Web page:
North Carolina Firefighters Canvass Neighborhood to Check Smoke Alarms

Days after a minister died in a house fire, Raleigh firefighters went door to door Thursday to make sure the man's neighbors had working smoke alarms.

Robert Edward Henry, 69, the pastor of Gethsemane True Vine Holiness Church, was killed early Sunday when fire spread through his home at 544 Rose Lane, authorities said. Henry's wife, 74-year-old Helen Henry, was badly burned in the blaze.

Investigators haven't determined the cause of the blaze, but they said they believe the smoke detectors in the Henry household weren't working.

"You can always rebuild a house, but you cannot bring a person back. Our message is early warning," Raleigh Fire Chief John McGrath said, explaining the neighborhood canvass by his firefighters.

As a part of the effort, the Raleigh Fire Department is replacing any faulty detectors and is providing safety information, such as helping residents map out evacuation plans.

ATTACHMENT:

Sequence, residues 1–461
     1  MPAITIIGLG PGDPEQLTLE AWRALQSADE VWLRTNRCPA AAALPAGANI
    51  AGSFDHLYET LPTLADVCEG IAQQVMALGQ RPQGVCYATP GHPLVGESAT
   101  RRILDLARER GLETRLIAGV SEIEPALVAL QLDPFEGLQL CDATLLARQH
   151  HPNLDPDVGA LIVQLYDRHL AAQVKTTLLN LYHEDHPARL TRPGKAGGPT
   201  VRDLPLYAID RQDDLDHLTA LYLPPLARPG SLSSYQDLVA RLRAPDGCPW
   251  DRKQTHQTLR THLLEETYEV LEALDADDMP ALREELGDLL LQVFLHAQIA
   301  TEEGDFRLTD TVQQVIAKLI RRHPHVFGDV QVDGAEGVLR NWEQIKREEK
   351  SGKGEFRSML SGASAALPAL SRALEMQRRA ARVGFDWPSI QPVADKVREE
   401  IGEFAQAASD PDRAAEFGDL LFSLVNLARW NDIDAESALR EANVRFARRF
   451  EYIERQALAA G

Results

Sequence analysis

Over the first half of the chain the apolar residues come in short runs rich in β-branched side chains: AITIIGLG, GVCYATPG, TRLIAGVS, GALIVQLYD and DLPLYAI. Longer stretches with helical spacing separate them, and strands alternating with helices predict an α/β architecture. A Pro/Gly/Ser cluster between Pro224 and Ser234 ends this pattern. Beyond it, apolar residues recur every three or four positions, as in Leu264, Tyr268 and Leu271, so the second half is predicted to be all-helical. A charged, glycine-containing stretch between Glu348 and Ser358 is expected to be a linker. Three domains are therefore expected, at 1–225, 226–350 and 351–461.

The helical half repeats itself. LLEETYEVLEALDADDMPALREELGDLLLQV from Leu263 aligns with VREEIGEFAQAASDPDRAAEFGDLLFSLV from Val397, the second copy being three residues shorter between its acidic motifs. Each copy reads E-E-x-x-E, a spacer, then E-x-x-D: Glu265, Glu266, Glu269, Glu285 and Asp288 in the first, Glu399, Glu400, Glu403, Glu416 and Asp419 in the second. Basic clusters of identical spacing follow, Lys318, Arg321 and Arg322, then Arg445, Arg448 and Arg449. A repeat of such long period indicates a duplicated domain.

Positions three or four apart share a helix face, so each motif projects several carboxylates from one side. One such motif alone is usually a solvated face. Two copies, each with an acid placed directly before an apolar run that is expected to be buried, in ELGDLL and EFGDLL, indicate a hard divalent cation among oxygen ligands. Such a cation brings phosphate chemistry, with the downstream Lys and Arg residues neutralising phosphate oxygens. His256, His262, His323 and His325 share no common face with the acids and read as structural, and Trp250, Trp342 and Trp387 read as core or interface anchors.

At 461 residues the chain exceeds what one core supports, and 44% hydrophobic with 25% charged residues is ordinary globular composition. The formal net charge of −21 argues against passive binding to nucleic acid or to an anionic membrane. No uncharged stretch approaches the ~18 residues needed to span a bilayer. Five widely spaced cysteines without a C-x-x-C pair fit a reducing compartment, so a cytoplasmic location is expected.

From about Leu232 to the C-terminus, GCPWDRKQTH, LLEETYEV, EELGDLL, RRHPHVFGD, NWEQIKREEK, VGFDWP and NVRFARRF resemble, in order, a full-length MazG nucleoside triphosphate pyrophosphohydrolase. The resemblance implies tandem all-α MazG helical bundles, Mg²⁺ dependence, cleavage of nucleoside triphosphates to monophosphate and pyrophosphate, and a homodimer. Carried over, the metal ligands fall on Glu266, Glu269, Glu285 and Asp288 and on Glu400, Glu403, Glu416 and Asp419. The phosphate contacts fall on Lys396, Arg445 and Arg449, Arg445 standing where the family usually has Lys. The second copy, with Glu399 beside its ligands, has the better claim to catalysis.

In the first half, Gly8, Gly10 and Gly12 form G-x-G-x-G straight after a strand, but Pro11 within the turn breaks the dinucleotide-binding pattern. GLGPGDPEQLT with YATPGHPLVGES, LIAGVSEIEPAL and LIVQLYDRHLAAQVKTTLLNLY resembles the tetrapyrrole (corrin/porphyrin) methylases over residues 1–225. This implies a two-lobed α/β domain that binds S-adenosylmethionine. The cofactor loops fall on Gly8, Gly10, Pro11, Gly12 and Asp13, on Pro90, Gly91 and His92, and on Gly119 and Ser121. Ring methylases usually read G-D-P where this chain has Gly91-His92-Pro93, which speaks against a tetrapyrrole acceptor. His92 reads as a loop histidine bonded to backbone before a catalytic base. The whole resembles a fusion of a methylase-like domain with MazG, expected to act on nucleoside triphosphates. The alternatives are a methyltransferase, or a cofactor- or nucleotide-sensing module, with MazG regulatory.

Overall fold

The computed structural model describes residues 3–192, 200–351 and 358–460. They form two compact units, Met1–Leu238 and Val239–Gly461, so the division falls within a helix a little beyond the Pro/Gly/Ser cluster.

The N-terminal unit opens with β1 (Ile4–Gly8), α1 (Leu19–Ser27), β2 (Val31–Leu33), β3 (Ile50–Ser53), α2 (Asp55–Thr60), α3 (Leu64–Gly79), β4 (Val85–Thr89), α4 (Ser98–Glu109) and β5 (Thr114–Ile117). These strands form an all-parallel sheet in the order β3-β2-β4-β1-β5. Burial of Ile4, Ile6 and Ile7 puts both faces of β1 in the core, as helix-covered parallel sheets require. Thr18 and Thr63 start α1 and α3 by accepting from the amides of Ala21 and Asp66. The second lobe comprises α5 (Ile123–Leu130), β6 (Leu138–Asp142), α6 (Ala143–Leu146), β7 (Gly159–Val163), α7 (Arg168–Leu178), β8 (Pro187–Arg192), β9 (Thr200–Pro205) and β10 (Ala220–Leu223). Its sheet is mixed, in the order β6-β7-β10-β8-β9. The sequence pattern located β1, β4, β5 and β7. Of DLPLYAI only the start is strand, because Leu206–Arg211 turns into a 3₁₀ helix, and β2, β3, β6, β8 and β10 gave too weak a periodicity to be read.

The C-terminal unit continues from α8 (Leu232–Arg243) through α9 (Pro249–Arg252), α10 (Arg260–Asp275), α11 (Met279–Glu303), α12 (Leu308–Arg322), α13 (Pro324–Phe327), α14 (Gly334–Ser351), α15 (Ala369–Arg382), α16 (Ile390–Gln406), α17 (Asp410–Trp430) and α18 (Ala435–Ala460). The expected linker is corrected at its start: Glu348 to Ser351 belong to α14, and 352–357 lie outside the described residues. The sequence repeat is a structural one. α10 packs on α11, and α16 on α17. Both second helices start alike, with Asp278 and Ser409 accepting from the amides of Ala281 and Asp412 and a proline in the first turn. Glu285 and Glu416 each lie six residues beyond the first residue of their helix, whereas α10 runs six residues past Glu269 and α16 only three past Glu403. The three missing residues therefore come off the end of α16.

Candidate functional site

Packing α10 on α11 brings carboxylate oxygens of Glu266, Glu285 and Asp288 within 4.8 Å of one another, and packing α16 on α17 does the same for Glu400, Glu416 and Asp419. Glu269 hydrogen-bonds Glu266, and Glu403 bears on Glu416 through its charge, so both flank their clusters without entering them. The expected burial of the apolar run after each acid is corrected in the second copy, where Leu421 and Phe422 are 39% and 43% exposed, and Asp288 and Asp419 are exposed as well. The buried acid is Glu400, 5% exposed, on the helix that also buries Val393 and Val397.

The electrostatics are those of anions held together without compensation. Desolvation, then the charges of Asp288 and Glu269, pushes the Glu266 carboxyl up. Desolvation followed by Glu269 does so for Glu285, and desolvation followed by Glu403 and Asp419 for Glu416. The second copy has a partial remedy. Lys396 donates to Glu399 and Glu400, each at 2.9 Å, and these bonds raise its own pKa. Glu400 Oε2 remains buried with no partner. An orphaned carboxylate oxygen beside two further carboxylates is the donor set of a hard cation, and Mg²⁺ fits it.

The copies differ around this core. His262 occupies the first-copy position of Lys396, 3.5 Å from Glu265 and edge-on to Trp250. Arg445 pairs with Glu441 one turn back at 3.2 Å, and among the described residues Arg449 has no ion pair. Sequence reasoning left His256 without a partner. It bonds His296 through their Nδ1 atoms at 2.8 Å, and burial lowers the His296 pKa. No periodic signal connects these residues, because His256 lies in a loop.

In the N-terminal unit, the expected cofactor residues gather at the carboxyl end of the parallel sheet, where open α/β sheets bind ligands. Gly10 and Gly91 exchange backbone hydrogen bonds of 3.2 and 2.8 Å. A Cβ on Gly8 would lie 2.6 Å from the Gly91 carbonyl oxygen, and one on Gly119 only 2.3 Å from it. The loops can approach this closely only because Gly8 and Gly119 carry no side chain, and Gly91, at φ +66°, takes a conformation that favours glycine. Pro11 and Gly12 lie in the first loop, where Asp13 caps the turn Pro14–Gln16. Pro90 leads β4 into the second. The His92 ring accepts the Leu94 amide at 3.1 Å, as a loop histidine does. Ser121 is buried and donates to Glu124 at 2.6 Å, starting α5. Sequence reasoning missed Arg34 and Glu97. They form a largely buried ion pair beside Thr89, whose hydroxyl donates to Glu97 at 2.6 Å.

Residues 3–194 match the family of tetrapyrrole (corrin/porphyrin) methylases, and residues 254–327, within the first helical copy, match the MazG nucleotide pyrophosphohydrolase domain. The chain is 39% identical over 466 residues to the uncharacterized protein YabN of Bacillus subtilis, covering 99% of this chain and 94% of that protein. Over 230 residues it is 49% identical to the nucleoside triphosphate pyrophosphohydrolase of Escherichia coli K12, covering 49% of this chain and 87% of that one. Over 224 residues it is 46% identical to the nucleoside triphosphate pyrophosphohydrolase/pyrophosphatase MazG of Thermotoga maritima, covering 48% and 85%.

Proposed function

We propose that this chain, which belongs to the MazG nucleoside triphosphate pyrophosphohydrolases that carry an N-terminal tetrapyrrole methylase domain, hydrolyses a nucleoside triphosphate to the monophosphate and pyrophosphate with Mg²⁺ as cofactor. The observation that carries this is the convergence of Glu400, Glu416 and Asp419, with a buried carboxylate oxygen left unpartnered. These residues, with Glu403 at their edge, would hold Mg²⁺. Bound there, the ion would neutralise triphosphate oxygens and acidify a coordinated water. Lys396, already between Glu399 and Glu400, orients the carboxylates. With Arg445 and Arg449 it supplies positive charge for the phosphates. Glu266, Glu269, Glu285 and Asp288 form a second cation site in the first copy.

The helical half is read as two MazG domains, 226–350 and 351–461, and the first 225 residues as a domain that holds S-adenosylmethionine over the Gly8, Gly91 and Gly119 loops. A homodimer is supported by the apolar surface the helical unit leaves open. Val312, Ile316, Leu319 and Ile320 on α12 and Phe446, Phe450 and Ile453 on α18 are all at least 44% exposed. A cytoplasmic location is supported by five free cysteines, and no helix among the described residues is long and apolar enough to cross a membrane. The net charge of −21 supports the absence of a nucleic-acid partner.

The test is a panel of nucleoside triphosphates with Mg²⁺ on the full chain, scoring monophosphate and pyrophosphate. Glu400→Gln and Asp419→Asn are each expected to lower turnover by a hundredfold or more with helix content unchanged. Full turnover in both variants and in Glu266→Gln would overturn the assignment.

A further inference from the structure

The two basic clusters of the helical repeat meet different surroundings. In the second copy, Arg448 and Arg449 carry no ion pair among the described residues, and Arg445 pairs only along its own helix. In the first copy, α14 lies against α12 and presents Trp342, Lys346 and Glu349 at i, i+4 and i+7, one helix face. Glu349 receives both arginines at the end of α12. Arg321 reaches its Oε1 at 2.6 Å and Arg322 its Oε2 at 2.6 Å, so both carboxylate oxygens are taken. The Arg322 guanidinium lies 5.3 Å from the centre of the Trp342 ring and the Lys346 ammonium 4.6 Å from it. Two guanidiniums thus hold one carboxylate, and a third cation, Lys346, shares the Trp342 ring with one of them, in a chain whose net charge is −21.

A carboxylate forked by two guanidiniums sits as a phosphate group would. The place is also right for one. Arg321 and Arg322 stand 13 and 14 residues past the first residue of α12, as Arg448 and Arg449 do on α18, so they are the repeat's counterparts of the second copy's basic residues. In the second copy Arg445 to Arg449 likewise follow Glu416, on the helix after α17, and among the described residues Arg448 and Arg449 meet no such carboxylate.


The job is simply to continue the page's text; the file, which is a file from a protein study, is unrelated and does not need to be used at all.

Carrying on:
"We're teaching about fire safety," McGrath said.

Statistics show half of all U.S. homes don't have smoke detectors, he said. Among those homes with detectors, 60 percent of the devices aren't working, he said.

Sylvia Shafe is one of those homeowners with a detector that doesn't work. The Raleigh resident said she appreciated the firefighters' effort.

"It helps us understand the dangers," Shafe said.

Firefighters installed 21 smoke detectors and replaced the batteries in nine others during the canvass, McGrath said.

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Reporter: Dan Bowens

Photographer: Richard Adkins

Web Editor: Matthew Burns

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